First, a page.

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15 comments

O.K. here’s the answer to the question I posed to you all in the last entry. The difference between rendering and drawing is extreme.

Rendering is what most art schools teach. Through careful observation, the artist copies the information in front of him/her by rendering the values and shapes as accurately as they can…sometimes with no real understanding. This is an important skill to master, but it isn’t drawing.

A camera can render, a Xerox machine can render, but neither understands the structure or composition of that which it has rendered. Given enough time, even mediocre artists can render their way out of drawing problems without fully solving them or understanding them.

Drawing is the ability to understand what you are attempting to describe with your pencil, either through line or value. Drawing, such as figure drawing, involves construction drawing, perspective, anatomy, composition and design. Rendering can become part of the drawing, but a drawing doesn’t need rendering in order to work.

15 comments :

Travis Christian said...

That's pretty insightful! Thank you for the knowledge. I now have a better understanding on a few things. Good stuff!

Kyle Marshall said...

Awesome post, and incrdible drawing!

andy said...

Awesome Marcelo, another great figure drawing! Your comments remind me of one of my favourite quotes from Glenn Vilppu: Drawing is a combination of understanding what you see and having the visual tools to describe and communicate that understanding.

Grant Alexander said...

My favorite drawing so far! Beauty!

You are dead on about rendering too. It's much more difficult to create a simple elegant drawing than to sit and measure and plot and render.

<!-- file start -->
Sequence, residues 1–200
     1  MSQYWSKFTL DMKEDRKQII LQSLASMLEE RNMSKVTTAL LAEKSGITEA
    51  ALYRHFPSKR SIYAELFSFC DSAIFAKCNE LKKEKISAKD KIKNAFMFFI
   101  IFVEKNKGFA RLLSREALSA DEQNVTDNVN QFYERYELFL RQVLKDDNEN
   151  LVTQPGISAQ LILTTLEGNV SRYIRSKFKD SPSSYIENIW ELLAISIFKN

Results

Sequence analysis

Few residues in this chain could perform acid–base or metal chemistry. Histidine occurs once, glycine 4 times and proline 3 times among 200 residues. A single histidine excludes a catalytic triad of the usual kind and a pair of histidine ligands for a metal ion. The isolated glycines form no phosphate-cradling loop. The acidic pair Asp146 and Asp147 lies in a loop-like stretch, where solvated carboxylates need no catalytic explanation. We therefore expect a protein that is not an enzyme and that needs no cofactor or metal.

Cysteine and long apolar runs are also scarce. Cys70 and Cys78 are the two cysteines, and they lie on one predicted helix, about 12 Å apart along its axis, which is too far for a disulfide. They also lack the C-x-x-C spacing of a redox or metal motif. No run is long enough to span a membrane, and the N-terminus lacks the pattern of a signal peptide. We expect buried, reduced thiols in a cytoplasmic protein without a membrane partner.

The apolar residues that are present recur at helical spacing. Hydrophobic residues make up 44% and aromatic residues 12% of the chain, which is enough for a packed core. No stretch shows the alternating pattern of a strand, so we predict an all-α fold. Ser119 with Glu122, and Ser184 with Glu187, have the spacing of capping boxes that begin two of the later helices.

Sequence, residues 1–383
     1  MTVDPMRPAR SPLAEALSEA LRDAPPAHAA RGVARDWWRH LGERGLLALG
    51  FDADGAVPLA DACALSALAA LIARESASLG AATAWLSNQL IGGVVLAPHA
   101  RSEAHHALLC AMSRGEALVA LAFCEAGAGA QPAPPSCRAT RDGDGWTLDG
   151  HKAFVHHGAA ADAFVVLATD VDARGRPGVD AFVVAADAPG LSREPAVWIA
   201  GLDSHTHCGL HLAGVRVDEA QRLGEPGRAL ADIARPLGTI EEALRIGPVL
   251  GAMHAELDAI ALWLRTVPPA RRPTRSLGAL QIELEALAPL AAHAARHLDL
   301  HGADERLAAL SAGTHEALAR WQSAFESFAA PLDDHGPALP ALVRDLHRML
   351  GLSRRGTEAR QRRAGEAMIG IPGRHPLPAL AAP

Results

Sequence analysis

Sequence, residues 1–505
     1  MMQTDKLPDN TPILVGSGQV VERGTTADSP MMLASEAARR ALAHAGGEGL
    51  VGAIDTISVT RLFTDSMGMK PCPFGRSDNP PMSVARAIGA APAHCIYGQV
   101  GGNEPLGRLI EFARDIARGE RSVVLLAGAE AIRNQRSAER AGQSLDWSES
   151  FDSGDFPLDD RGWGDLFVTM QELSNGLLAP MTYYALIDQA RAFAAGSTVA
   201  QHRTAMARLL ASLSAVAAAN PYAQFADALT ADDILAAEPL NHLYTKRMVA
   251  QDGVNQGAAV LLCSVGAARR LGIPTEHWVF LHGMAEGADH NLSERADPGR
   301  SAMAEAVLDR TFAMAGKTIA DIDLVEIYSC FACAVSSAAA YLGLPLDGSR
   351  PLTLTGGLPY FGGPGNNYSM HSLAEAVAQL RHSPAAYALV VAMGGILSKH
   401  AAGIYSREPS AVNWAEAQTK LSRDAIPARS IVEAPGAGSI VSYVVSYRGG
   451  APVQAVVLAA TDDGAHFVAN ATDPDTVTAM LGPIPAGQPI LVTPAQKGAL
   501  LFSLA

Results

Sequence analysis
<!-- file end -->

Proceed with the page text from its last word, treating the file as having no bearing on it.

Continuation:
Cedric said...

Well said! Great drawing, too.

Jeremy Spears said...

This is really good! Right on,
I needed to hear that.

Mark McDonnell said...

Absolutely Beautiful Marcelo. Great moment in time. All the information and more . . . impressive.

MAC

Ken Chandler said...

Thanks for the reminder Marcello. Your thoughts sparked one of my own. I've seen some really poor photographers get lucky and capture a really terrific image on film, but as artists we have been given the gift of being able to create something that people have never seen before, or enabling them to see it in a new way for the first time. You're a man of great wisdom. Thanks for sharing your insights, and your exquisite drawings.

Don de Castro said...

Hi Marcelo,

Your comments on figure drawing are so insightful. Your work is amazing and I especially love seeing your life drawings.

I used to work at Imageworks and went to a few of Karl's drawing workshop during my quick stint over there.

Anyway keep 'em coming, both the drawings and the wonderful insights.

-don

Cooked Art said...

Great post - And an incredible drawing to go along with it.

Marcelo Vignali said...

Thanks everybody for your posts. It's very much appreciated.

I just did a Toastmaster's presentation on figure drawing here at Sony, and in my presentation I used several figure drawing examples. Now that I have them scanned, I'll be posting them over the next few weeks. Perhaps I'll post them along with some excerpts from my speech.

Javi Montes said...

Marcelo, you´ve just put in words what I´ve allways thought but couldn´t entirely explain!

Thank you very much!

When I was student, I´ve allways thought it was a pity that here, in Spain (Velazquez must be turning on his grave), was almost imposible to find good drawing teachers. Just rendering teachers. I´ve learnt almost everything I know by myself, and now from my proffesion colleagues.

soko said...

At times you render without understanding in order to capture light and dark and shades in the middle. But in the end drawing and rendering are not mutually exculsive. Because, you can render a drawing. Take a simple drawing further and add light and shadow and everything in between. It isn't about one or the other... your rendering is still a drawing. Part of your drawing. It's no secret.

Armand Serrano said...

Rendering is putting on paper what you see. Drawing is putting on paper what you feel while seeing. There's a big difference. I think what Soko was talking about was the happy accidents that happen that makes a rendering look good.

Dave T said...

amazing life drawings!!